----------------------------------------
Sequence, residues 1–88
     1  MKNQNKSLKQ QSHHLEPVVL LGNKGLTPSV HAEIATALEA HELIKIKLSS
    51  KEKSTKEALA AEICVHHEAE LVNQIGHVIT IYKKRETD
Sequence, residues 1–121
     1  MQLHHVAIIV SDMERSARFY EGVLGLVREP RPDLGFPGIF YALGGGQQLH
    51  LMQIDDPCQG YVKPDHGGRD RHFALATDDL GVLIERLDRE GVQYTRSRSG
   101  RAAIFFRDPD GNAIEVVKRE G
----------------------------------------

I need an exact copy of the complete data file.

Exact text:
Sequence, residues 1–88
     1  MKNQNKSLKQ QSHHLEPVVL LGNKGLTPSV HAEIATALEA HELIKIKLSS
    51  KEKSTKEALA AEICVHHEAE LVNQIGHVIT IYKKRETD
Sequence, residues 1–121
     1  MQLHHVAIIV SDMERSARFY EGVLGLVREP RPDLGFPGIF YALGGGQQLH
    51  LMQIDDPCQG YVKPDHGGRD RHFALATDDL GVLIERLDRE GVQYTRSRSG
   101  RAAIFFRDPD GNAIEVVKRE G